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Cigars of the Pharaoh: Snowy gets bat's wings?

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Borschtisov
Member
#1 · Posted: 6 Aug 2007 16:46
Hi.
If you have the black and white version of "Cigars of the Pharaoh", I have a question for you.
On page 18, when Tintin and Snowy enter the tomb of Kih-Oskh, something weird happens.
Snowy all of a sudden cries out and Tintin quickly lights a match to find that Snowy has seemingly (from my point of view at least) grown a pair of bat-like wings, which carry him off into the far reaches of the tomb.

Now, what on earth is happening here?!
Does this scene make sense to anybody? How does Snowy come to be wearing wings?

Is it just something weird Hergé put in that has no explanation? That's what I think.

Any thoughts?
Harrock n roll
Moderator
#2 · Posted: 6 Aug 2007 18:15
I would say that it doesn't make any sense and was just a random scene that Hergé snuck in. Cigars is in the mould of the earlier adventures - Soviets, Congo and America - padded out with some pretty implausible scenes at intervals. But I think it's also an improvement on the earlier ones in that there is a lot more plot which carries through the book. Not surprisingly Hergé cut the bat-wing scene out along with a few others involving crocodiles and snakes for the redrawn colour edition.
Rocky
Member
#3 · Posted: 11 Aug 2007 18:08
It seems obvious to me that a bat grabs Snowy and carries him off, with Tintin in pursuit.
pokemon
Member
#4 · Posted: 12 Aug 2007 14:34
Rocky:
It seems obvious to me that a bat grabs Snowy and carries him off, with Tintin in pursuit

I don't think a bat can carry Snowy.

Cigars is a wierd book. I have heard that you can see a copy of Destination Moon in it!
jock123
Moderator
#5 · Posted: 12 Aug 2007 15:01
I don't think it is a literal transformation, or even a real bat - isn't it just meant to convey the fact that Snowy has had the devil scared out of him (i.e. been greatly shocked), and that he takes off like "a bat out of hell"?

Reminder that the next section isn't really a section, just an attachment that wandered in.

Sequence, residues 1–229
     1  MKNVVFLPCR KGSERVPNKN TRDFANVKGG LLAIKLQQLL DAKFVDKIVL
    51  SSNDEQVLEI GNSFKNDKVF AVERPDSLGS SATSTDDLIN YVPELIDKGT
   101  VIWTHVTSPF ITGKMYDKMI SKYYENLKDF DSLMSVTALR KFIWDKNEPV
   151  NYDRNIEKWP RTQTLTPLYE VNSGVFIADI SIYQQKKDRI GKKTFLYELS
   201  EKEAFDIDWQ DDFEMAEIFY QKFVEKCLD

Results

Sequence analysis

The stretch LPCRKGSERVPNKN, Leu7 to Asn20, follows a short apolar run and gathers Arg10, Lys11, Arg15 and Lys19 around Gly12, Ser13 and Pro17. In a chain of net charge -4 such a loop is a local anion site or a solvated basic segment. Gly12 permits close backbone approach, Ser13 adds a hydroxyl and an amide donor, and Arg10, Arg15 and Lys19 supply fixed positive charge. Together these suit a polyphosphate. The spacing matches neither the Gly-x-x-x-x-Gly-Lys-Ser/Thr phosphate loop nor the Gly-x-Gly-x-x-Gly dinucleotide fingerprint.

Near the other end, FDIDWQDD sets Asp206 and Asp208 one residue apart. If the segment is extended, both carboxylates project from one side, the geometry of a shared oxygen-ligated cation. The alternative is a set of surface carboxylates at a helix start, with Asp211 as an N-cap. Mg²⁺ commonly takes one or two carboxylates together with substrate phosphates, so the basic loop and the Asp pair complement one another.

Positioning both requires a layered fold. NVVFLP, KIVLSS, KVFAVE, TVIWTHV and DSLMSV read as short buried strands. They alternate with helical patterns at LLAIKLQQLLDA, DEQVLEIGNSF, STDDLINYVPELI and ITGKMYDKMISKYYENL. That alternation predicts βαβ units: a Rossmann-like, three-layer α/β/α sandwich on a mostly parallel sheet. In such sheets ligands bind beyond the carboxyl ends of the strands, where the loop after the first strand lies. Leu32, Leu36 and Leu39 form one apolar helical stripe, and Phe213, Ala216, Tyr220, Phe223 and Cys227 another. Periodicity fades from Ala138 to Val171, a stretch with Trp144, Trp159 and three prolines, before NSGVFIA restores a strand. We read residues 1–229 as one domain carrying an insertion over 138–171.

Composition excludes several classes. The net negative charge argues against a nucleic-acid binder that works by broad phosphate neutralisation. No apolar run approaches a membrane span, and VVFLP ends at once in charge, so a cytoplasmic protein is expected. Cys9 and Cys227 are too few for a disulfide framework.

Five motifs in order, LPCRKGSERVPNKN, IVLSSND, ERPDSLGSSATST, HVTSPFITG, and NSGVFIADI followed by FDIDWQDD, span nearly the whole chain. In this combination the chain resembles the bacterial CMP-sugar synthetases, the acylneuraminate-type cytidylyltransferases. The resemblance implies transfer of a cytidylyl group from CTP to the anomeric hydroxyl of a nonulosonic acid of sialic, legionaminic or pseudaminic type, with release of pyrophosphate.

pokemon
Member
#6 · Posted: 15 Aug 2007 11:30
jock123
Tintin is reality and the events in the books are not represented as it is usually done in cartoons.
jock123
Moderator
#7 · Posted: 15 Aug 2007 12:08 · Edited by: jock123
pokemon
Tintin is reality and the events in the books are not represented as it is usually done in cartoons.
I'm sorry, I don't understand what you are saying.
mct16
Member
#8 · Posted: 15 Aug 2007 19:53
Further into this edition of the book, Tintin tells of how he cannot recall what happened between arriving in Cairo and waking up the Red Sea. He actually refers to the events as a dream, which might explain it.
pokemon
Member
#9 · Posted: 18 Aug 2007 11:58 · Edited by: pokemon
jock123:
I'm sorry, I don't understand what you are saying.

jock never understands what I am saying.
sorry for shouting.

Example:In cartoons, whenever somebody is seriously angry, red-coloured horns appears on their head just to indicate the degree of anger - but I don't think anything like this is shown in Tintin.
jock123
Moderator
#10 · Posted: 18 Aug 2007 23:01 · Edited by: jock123
pokemon
jock never understands what I am saying.
No, that is not true, and not fair: but this time you were particularly hard to follow (not helped by the lack of punctuation, capitals etc., which you have been repeatedly requested to use, as per the posting rules, meaning we have to edit your posts).

In cartoons, whenever somebody is seriously angry, red-coloured horns appears on their head just to indicate the degree of anger.

If I get you, you are saying that although it is typical that cartoonists use shorthand in their images, such as the horns etc., that thi sort of thing doesn't happen in Tintin, therefore there has to be a "real" reason for Snowy to have bat-wings?

But what about the appearances of good and bad angels to represent inner struggles between the good and the bad sides of the personality (Haddock and Snowy both), demons carting off criminals, the frequent use of coloured stars for those who are hit, the habit of characters to sweat a little halo of tears when anxious, and Tintin's ability to levitate with both feet off the ground in a sort of sitting position when startled? These are all no more or less cartoony than Snowy's winged exit.

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